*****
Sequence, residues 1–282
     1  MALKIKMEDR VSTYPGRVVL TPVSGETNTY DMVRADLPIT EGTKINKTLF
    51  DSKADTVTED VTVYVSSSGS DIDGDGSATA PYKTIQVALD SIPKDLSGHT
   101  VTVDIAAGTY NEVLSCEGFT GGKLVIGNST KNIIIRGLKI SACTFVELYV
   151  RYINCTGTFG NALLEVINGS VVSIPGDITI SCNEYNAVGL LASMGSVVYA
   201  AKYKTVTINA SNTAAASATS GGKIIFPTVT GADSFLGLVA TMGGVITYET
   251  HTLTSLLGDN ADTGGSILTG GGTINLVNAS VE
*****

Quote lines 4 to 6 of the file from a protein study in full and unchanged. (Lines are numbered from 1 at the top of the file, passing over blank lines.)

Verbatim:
   101  VTVDIAAGTY NEVLSCEGFT GGKLVIGNST KNIIIRGLKI SACTFVELYV
   151  RYINCTGTFG NALLEVINGS VVSIPGDITI SCNEYNAVGL LASMGSVVYA
   201  AKYKTVTINA SNTAAASATS GGKIIFPTVT GADSFLGLVA TMGGVITYET